Andor Is The Closest We've Got To The Promise Of Star Wars: Underworld

After the "Star Wars" prequels ended, the franchise was all but dead. There was no more story to tell, and you were either too angry to care, or happy enough with how the trilogy ended to not care. After all, what was left? The gaps in the story were filled, and even the post-"Return of the Jedi" events were covered in the expanded universe, canon or not.

That changed at the fan convention Star Wars Celebration III in 2005. During a panel with George Lucas himself, it was announced that "Star Wars" would enter the TV world. Not only did they announce the 3D, half-hour version of "The Clone Wars," but also a live-action show titled "Star Wars: Underworld."

Though we don't know much about what that show would have looked like, we know that the aim was to make something more serious and unlike anything in the franchise up to that point. "'Deadwood' in space" and "'Empire Strikes Back' on steroids" being used to describe the tone of the series, which would have been "much darker, grittier" and "much more character-based" than the plot-heavy films. There would be no Jedi, and barely any major character from the movies. The plot would be disconnected from the main films, though it would touch on them. It would focus on the greasy, seamy underbelly of Coruscant, where criminals, bounty hunters, spies, and mercenaries thrived.

Eventually, some elements of the show made their way to the larger "Star Wars" franchise. Lucas' dream of using virtual sets made headlines when it became a key component of the production of "The Mandalorian," while the character of Saw Gerrera — originally meant to debut in "Underworld" — made his debut in "The Clone Wars." As for "Underworld," the show proved too ambitious and expensive, and it never made it to production. But even if we already got a show focused on a bounty hunter, it wasn't until "Andor" that star wars finally fulfilled the promise of Lucas' "Star Wars: Underworld."

A greasy, seamy world

Granted, "Andor" isn't entirely focused on the underworld of Coruscant, and it isn't focused on a bounty hunter, but it is still pretty disconnected from the movies, instead telling its own story with new characters, not one of them a force user. Indeed, "Andor" has more in common with the original intent of "Deadwood" in space than, say, "Buck Rogers" or "Flash Gordon." This is a compelling drama without the fantasy-heavy, hero's journey narrative focus of the movies. Instead, "Andor" is possibly the first "Star Wars" title that actually feels like science fiction, with grand ideas about politics and humanity, a dystopic futuristic setting, and compelling characters that feel human. It is a show that reminds us of our own world, where we are, and where we could be heading, rather than the fairy tales that inevitably follow from the opening, "A long time ago in a galaxy far, far away ..."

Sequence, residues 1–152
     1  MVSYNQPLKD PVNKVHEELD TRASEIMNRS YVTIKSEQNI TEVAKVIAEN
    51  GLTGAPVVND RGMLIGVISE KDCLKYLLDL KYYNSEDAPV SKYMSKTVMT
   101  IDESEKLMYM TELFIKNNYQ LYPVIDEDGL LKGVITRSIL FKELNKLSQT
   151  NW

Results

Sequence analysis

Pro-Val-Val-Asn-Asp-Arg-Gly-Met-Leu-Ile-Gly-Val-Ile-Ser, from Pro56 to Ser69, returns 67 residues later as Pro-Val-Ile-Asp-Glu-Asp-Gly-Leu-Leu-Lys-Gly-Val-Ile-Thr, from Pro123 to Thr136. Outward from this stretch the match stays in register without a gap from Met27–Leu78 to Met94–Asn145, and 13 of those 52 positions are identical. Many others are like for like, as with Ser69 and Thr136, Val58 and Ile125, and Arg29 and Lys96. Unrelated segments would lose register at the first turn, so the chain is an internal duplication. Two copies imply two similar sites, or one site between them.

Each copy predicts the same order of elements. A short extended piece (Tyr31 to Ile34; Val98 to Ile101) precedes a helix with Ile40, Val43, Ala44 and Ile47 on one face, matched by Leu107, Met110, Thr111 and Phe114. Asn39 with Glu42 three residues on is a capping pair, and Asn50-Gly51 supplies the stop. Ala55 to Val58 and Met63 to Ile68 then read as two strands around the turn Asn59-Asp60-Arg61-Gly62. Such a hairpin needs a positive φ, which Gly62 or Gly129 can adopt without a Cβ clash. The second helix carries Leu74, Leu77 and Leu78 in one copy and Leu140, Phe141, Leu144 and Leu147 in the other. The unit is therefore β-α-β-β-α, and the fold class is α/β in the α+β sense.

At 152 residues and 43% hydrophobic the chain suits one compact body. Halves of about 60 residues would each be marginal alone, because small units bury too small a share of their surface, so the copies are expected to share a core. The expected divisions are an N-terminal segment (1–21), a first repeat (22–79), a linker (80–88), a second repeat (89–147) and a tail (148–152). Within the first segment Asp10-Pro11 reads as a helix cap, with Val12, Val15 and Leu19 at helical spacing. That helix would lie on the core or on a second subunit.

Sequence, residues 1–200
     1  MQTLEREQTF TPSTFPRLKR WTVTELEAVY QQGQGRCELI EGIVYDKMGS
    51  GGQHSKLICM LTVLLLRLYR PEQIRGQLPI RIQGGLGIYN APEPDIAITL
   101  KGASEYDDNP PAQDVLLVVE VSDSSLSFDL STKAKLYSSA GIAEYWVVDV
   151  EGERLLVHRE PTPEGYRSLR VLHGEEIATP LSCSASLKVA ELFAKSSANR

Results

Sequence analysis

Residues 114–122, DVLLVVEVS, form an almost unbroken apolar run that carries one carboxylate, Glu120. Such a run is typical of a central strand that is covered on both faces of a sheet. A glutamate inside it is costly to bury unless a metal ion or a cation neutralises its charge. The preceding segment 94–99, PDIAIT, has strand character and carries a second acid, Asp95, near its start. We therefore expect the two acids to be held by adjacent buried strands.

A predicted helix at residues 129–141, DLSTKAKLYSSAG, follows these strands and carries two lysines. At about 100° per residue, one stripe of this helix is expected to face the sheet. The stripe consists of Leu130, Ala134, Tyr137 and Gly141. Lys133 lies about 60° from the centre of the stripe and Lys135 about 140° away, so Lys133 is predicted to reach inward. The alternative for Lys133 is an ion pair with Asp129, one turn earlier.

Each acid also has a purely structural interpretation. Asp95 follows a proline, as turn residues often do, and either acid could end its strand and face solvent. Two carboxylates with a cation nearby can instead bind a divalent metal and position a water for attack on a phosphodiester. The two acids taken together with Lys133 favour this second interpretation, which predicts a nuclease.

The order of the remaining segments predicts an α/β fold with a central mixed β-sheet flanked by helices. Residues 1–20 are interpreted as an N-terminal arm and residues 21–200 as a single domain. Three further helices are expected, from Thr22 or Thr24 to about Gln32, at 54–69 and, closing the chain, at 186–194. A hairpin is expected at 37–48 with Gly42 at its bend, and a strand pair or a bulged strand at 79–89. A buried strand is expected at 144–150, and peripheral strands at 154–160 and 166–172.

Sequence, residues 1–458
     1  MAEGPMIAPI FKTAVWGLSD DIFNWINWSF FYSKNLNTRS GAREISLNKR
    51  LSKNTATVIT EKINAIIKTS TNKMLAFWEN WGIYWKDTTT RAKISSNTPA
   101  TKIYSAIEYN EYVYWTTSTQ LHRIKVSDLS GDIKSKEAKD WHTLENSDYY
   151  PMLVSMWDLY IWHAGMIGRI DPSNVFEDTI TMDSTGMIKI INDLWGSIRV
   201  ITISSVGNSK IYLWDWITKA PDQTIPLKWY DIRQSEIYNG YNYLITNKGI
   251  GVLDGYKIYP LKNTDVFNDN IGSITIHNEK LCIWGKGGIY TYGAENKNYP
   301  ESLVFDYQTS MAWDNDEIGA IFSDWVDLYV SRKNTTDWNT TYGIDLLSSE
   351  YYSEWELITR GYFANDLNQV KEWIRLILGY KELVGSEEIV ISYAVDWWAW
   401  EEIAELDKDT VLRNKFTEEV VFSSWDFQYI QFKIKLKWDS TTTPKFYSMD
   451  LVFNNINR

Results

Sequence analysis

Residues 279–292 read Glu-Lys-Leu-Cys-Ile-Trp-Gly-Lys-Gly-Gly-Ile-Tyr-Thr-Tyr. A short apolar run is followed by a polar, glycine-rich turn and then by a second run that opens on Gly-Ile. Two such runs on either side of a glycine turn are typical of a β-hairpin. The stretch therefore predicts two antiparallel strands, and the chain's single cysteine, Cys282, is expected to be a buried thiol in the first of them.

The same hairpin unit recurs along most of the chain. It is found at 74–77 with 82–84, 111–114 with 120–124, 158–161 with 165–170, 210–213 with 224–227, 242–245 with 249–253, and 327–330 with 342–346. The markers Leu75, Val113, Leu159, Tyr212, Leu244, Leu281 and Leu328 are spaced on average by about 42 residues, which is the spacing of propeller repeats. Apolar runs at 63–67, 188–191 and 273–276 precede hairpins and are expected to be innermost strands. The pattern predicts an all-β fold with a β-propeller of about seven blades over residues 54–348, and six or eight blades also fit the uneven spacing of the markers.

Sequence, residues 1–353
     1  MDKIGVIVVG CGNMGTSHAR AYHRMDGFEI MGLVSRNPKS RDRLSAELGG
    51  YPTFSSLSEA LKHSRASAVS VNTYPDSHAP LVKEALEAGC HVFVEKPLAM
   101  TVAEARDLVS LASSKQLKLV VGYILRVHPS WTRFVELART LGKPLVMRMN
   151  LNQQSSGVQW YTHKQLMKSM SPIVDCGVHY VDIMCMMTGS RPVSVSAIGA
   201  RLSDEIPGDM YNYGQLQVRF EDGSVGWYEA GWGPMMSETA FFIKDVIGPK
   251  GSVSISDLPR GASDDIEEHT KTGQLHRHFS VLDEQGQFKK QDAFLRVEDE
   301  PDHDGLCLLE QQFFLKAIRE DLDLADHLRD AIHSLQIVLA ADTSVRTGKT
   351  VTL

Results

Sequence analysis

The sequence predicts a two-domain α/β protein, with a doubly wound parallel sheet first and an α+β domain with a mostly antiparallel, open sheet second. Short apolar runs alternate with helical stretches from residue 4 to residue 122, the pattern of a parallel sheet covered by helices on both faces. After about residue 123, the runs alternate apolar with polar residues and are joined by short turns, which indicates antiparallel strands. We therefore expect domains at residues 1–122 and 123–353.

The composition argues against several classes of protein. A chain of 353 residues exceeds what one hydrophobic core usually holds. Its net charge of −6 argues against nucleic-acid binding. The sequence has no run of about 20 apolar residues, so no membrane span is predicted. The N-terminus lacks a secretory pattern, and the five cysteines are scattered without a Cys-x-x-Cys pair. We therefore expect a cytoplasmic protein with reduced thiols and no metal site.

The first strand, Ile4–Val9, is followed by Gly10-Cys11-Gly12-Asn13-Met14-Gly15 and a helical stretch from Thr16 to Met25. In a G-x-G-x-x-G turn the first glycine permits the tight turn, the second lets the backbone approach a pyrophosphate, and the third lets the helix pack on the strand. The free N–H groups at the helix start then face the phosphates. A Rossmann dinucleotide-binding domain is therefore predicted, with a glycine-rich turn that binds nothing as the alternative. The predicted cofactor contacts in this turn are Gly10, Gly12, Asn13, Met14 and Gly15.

"Andor" is a slow burn of a show, one where the overarching story doesn't necessarily move a lot on a week-to-week basis, where the fate of the galaxy doesn't stand at risk every episode. And yet, we've got more character development, more insight into how our characters think, and what their motivations and aspirations are than most "Star Wars" live-action projects. We're seeing the radicalization of people on both sides of the conflict, including the lamest, most pathetic villain in "Star Wars" history, but also the rise of heroes and rebels simply too tired to stand idly by.

A dark world full of cruelty and rebellion

"Andor" also gives us something we had never really seen before in the live-action "Star Wars" universe, though it would have been part of "Star Wars: Underworld." If "Underworld" was supposed to be about how the exploits of the Jedi and the oppression of the Empire affected the common folk without magical powers or sacred bloodlines, then "Andor" is giving us Victor Hugo's "Les Misérables" in space

Indeed, never before has the Empire been portrayed as truly evil and cruel as it is in "Andor," which has given us plenty of reasons to hate them, from their unsympathetic view of other cultures, to their cruel bureaucracy, to endorsing actual torture. This is closer to "The Empire Strikes Back" than any other "Star Wars" movie, as "Andor" paints a picture of a world where Han Solo needed to shoot Greedo first or he'd get killed, a world so devoid of hope that it would be believable for Han Solo not to think the force is a real thing, for people to simply endure so much pain that they eventually forget the Jedi were a thing, let alone a good thing. 

This is a universe so far removed from the fantasy of, say, "Return of the Jedi" or "The Force Awakens," that it makes perfect sense for the Emperor to need the bureaucracy of the senate, or for him to need the Death Star once he dismisses the senate as his one way to hold the galaxy together — in fear. This is the first time "Star Wars" has made Obi Wan's comment about "the dark times" in the original film feel like something real and not just a cheesy line, and it is the show that is fulfilling the promise of what was meant to be the first "Star Wars" live-action show.